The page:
I.
Strange womb music surrounds you.
You must have twisted a thousand times,
shaking safely in my body.

Product of my own infancy,
You gave me a hammer to break the mirror.
Can you smash my heart as you have before,
even now?
Without an infancy you were robbed —
you are old.

“Oh I’m sick,” he says.
Only women know what sick really is,
split in half by a stranger they don’t know,
but who is part of them.

Something curing in an antiseptic bin of death,
you are.
I could have crushed you between my thumb and forefinger —
your juices flowing brilliant, out, mixed with mine.
You were nothing, they said.
You would have had blonde hair.

I lay down on the bed of whiteness.

I, waiting to be mechanically enlarged
to receive the instrument.
I wouldn’t feel it, they said.
A horrible crush in my bowels, it spread to my soul.
It came down to where you were waiting.

Foreign matter in a clean, young body.
You must be gotten out.
I stood it all, watching the life pour out of my body,
emptying myself on that table.

One less mouth to feed,
A life saved.
A care package.
I smile.
I am the one who grins.

It is the survival of the fittest.
Had you been born with Down Syndrome, I would have rationalized it that way.
But you were far too small to tell.

II.
When they grin, you know it is death.
I am the soldier who pushes the barrel of his rifle
into the last soft parts of a shivering cadaver
with lice, ticks, dysentery, hopelessness.

I am he who fires,
quickly and pleasurably, into that cadaver,
feeling and seeing the spatter on the heated barrel
of my weapon.

I am the monster who hangs pregnant women by their feet,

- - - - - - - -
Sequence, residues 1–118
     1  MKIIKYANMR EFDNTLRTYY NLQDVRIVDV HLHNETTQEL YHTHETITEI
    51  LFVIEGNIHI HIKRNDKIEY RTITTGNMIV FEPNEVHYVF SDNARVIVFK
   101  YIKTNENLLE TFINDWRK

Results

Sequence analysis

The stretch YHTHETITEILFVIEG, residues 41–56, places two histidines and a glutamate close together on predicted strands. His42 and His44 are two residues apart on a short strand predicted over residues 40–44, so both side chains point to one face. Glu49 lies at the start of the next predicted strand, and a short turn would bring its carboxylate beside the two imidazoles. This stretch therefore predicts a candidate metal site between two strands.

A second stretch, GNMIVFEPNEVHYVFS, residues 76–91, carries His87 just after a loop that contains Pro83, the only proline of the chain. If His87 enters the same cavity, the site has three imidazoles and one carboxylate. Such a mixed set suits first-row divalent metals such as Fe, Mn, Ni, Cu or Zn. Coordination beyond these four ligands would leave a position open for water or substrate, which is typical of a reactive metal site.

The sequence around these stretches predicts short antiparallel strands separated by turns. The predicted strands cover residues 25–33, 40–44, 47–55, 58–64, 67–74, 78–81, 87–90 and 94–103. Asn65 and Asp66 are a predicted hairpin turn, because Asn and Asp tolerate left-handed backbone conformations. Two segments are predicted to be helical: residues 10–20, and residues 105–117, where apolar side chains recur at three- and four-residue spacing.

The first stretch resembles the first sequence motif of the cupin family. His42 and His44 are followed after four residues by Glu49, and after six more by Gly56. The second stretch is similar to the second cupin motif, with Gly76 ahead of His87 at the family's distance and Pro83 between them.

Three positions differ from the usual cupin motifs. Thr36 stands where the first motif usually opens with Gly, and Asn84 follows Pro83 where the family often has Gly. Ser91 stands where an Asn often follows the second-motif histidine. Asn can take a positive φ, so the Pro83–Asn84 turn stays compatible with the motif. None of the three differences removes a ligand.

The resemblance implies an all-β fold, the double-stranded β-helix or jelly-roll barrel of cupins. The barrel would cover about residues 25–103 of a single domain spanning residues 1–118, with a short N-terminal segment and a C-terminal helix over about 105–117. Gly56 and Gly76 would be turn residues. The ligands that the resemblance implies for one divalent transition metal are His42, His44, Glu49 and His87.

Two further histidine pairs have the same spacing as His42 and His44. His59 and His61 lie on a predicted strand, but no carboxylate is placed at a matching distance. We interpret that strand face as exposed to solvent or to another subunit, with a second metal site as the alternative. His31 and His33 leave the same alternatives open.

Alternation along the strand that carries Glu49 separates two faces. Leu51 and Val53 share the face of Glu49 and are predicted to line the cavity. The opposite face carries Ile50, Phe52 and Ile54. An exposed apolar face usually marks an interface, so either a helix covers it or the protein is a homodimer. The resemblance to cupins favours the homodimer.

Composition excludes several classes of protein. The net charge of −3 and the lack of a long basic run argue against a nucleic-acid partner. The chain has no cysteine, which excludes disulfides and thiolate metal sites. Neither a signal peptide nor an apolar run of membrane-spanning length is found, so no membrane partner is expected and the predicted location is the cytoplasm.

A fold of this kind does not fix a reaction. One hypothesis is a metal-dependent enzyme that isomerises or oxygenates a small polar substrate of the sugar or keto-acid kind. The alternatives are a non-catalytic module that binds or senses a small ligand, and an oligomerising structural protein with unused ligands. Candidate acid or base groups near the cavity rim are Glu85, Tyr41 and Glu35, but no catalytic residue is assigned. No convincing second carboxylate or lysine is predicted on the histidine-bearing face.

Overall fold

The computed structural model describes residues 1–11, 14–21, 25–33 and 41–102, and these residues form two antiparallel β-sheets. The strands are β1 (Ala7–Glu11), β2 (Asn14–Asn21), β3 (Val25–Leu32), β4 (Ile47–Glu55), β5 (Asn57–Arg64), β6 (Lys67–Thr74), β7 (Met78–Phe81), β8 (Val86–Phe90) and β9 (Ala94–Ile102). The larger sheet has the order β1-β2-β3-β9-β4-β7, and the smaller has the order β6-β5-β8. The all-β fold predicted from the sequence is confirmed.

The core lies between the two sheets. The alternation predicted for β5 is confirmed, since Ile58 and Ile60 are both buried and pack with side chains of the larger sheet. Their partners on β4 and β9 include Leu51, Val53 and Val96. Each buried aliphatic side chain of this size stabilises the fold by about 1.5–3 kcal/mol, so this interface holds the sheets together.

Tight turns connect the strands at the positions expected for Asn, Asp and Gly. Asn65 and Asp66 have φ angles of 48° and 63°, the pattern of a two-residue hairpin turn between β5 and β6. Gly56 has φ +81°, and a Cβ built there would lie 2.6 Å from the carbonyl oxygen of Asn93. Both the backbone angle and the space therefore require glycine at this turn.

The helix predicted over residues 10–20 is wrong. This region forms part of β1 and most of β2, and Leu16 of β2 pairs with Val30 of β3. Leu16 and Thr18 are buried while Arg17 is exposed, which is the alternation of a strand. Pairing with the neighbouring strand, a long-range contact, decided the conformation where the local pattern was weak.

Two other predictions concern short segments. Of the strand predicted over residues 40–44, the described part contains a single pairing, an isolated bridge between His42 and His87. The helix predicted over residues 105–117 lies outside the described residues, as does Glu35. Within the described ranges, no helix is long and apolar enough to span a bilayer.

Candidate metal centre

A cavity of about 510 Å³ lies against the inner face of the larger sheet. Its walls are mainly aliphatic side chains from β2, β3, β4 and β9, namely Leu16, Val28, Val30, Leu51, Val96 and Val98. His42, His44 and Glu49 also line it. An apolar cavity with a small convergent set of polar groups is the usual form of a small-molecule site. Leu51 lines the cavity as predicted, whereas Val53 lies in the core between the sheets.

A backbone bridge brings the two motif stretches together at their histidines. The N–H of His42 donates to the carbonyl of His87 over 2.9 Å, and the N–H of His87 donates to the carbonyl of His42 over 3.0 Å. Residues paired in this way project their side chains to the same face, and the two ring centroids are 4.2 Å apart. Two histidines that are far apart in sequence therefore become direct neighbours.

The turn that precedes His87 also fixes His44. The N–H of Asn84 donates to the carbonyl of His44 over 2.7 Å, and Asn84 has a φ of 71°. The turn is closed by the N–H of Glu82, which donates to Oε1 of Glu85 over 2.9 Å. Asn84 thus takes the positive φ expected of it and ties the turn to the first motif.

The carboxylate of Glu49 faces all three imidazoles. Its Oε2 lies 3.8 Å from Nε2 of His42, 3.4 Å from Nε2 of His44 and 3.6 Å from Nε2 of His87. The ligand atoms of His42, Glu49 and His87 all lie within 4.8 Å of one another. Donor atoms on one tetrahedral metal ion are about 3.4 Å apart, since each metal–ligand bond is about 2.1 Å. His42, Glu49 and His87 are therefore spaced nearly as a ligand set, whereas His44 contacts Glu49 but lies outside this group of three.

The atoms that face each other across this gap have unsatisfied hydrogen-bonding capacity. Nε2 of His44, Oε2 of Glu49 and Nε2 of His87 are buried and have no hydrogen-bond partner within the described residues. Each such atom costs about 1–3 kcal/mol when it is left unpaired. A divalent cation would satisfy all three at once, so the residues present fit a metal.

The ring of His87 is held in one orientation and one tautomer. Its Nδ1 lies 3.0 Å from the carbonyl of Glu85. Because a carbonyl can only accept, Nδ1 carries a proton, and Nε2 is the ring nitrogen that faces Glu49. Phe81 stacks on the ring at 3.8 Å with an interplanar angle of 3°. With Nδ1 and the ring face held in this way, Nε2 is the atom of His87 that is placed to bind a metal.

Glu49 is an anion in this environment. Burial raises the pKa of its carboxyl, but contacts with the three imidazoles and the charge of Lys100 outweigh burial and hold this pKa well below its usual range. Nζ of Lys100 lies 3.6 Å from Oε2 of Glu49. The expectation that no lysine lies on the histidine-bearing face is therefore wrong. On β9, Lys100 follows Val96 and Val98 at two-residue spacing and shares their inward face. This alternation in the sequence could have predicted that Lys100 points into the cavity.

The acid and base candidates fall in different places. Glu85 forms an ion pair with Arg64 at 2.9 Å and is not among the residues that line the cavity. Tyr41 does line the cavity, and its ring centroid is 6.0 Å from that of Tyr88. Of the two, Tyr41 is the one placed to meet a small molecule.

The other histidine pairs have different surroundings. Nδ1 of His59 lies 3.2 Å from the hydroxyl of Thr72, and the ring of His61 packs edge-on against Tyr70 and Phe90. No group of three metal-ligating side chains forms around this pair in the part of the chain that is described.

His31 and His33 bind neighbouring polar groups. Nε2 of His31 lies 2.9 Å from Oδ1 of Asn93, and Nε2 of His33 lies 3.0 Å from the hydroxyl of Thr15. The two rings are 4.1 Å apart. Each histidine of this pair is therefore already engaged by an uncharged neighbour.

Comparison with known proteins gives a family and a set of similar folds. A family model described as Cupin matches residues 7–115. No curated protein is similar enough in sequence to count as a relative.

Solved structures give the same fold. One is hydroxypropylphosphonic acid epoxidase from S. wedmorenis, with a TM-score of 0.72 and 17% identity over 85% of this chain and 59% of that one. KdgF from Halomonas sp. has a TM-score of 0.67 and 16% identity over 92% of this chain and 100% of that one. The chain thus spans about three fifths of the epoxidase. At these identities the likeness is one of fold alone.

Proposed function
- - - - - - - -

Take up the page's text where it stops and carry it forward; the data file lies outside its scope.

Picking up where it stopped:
and with my sharp knife, excises,
taking both lives with my blade.

And I feel the warm blood on my hands.
Not to allow an error, I cut the child,
looking within.
Like Russian dolls, there is another within it,
and within it another, and within it another.

I throw it away.
I am bored.

Yet more, I am the smiling gentleman who drops fate
on thousands of lives
that enjoy the same moment of destruction.
“Have a nice day.”

I am the one who silently smiles,
playing cards,
her golden-curled image in mind as I later jerk off in my cubicle.

I am the one who turns away smiling,
thinking of Sunday’s golf game,
as the child who looks listlessly up at me,
ruined legs and thighs and buttocks wealed smooth
by boiling water I have dipped them in,
attempts to cry through blistered lips.

I smile.

I am the one who cannot envision my body blistered,
red, glistening smooth from the seething self-hate of another monster.
I can not envision the pain inflicted on others.

I am the butcher who maims on call.
Mother, son, aunt, child.
I am a flayed skin of agony because I lie.

I am the twisted face removed from the skull,
hanging from the hands of Saint Michael
as he ascends the stairs to paradise.

Under a filthy neon skyline,
under rotting yellow clouds,
we butcher, maim, kill
every day.
And nothing is thought of it.

We ask and are forgiven.

  • Amy Sterling (Glasband) Casil — December, 7 1982

This poem and others in my senior collection received the Claremont 5-College writing prize in a blind judging for the second year in a row. My friends were certain I’d had an abortion (I had not).

Then the guy who was in charge of the prize hit me in the back of the head with a glass ashtray and raped me.

According to Harlan Ellison and my grandmother, “You’ll go far Amy, because you have heart.” Author of 40 books, former exec., Nebula Award nominee, Poor.

According to Harlan Ellison and my grandmother, “You’ll go far Amy, because you have heart.” Author of 40 books, former exec., Nebula Award nominee, Poor.